It’s toxic, it’s in your makeup, and it is unlabeled. The findings of a recent scientific study uncovered laboratory indicators (high fluorine levels) of toxic PFAS chemicals (per- and polyfluoroalkyl substances) in most waterproof mascara, liquid lipsticks, and foundations tested. Those makeup products that had the highest indicators for the presence of PFAS chemicals then underwent further analysis and were all confirmed to contain at least four PFAS chemicals of concern. The majority of products with high fluorine, including those confirmed to have PFAS, had no PFAS listed on the label*.
Should people be concerned?
Considering the fact that consumers who wear these types of makeup may be absorbing and ingesting potentially toxic PFAS ‘Forever’ chemicals, maybe.
“Some PFAS have been associated with a wide range of serious health harms, from cancer to obesity to more severe COVID-19 outcomes, and they contaminate the drinking water of millions of people. Only a small fraction of the many thousands of PFAS have been tested for toxicity, but all PFAS are either extremely persistent in the environment or break down into extremely persistent PFAS.
In addition to PFAS being ingested from lip products, PFAS in cosmetics may be absorbed through the skin and tear ducts. On top of these direct exposure routes, PFAS can make their way into our drinking water, air, and food during the manufacture of makeup and after it’s washed down the drain.”
“The research team screened 231 cosmetic products purchased in the U.S. and Canada for fluorine. More than three-quarters of waterproof mascara, nearly two-thirds of foundations and liquid lipsticks, and more than half of eye and lip products had high fluorine concentrations indicating the presence of PFAS chemicals.
All 29 products selected for targeted analysis contained detectable levels of at least four specific PFAS. This included PFAS that break down into other PFAS that are known to be highly toxic and environmentally harmful. Fluorotelomer methacrylates were also detected, indicating the breakdown of side-chain fluoropolymers which are marketed as a more “environmentally friendly” alternative to individual PFAS.
Many of the products with PFAS were advertised as “wear-resistant” or “long-lasting.” Importantly, almost none of the products studied with targeted analysis had any PFAS listed on their ingredient labels. This makes it impossible for consumers to avoid PFAS-containing cosmetics by reading labels.”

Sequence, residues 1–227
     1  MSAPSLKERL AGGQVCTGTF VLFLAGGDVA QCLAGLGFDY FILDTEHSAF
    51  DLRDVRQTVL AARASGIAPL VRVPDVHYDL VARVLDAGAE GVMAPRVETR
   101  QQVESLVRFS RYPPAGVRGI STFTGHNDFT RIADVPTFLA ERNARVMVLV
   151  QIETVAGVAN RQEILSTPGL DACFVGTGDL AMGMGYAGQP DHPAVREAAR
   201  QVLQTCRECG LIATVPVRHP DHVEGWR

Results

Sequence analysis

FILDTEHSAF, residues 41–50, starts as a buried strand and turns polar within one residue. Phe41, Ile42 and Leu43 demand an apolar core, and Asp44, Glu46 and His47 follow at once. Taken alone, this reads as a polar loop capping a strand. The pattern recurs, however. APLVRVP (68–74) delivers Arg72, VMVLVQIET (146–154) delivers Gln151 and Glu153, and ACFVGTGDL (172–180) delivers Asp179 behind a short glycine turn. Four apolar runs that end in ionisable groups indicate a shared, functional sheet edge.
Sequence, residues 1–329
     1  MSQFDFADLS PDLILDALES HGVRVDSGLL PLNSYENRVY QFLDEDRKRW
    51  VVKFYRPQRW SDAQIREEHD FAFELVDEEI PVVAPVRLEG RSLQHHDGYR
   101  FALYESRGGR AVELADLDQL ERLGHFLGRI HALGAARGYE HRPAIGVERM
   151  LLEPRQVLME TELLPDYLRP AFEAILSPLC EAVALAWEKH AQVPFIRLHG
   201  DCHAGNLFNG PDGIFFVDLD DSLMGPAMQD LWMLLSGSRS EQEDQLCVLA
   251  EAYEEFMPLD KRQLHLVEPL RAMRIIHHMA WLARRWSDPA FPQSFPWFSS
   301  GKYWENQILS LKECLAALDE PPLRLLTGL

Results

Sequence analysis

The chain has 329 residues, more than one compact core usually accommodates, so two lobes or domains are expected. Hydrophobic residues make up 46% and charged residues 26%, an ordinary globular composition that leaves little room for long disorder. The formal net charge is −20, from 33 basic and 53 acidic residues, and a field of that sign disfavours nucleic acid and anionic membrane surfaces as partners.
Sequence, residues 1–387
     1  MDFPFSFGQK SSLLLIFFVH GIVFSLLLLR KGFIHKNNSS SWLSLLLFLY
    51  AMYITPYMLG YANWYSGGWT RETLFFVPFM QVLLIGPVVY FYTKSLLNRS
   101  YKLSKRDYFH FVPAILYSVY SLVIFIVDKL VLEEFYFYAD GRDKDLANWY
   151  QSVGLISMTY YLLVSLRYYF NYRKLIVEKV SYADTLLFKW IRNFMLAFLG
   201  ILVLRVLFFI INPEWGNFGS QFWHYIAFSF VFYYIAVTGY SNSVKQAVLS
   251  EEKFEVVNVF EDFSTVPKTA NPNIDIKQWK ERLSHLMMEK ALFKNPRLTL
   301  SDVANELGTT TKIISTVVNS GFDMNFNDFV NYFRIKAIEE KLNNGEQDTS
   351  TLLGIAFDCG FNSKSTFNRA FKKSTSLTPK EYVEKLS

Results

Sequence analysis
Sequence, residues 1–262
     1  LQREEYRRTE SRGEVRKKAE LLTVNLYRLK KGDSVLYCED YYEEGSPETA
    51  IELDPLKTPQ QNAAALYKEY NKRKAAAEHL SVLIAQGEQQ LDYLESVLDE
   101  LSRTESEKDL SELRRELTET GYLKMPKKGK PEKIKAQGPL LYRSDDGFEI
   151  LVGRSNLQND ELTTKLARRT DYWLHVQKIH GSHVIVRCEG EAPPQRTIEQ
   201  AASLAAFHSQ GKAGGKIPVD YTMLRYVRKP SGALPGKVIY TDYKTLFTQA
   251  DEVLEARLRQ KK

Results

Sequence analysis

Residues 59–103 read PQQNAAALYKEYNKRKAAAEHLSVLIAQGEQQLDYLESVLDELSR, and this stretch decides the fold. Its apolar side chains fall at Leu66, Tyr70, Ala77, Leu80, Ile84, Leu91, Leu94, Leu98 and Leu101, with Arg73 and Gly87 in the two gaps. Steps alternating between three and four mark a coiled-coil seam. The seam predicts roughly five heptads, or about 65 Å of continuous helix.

What do the scientists think about their findings?
“PFAS are not necessary for makeup. Given their large potential for harm, I believe they should not be used in any personal care products. It’s past time to get the entire class of PFAS out of cosmetics and keep these harmful chemicals out of our bodies.”
-Arlene Blum, a co-author of the study and executive director of the Green Science Policy Institute
What is being done about the hazards consumers are being exposed to in cosmetics?
U.S. Senators Introduce Bill to Ban PFAS Chemicals in Cosmetics
In June 2021 U.S. Senators Jeanne Shaheen (D-NH) and Maggie Hassan (D-NH) helped introduce the “No PFAS in Cosmetics Act”, which would ban the inclusion of PFAS chemicals in cosmetics products, such as makeup, moisturizer and perfume. The bipartisan bill is led by U.S. Senators Richard Blumenthal (D-CT) and Susan Collins (R-ME), and cosponsored by fellow Senators Angus King (I-ME), Dianne Feinstein (D-CA) and Kirsten Gillibrand (D-NY).
PFAS (Per- and polyfluoroalkyl substances) are a class of man-made chemicals, which includes PFOA, PFOS and GenX. These chemicals can bioaccumulate in humans over time and have been linked to numerous serious health-related conditions including cancer, thyroid disease, liver damage, decreased fertility and hormone disruption, among other conditions. In addition to makeup, perfume and moisturizers, PFAS chemicals can be found in drinking water, food packaging, nonstick cookware and bake ware and utensils, clothing, furniture, firefighting foam, sporting equipment, stain-proof and waterproof fabric items, electronics/tech devices and flooring, to name a few.
Bill text of the legislation is available here.
*Use and labeling of cosmetic ingredients in the U.S. is regulated by the Federal Food, Drug, and Cosmetics Act of 1938 and the Fair Packaging and Labeling Act of 1967. These acts do not regulate the type or kind of testing that is needed to determine the safety of cosmetic ingredients, and exemptions exist for labeling ingredients which are considered proprietary. (source)
Journal reference: Whitehead, H.D., et al. Fluorinated Compounds in North American Cosmetics, Environmental Science and Technology Letters, June 2021. DOI: https://doi.org/10.1021/acs.estlett.1c00240 PDF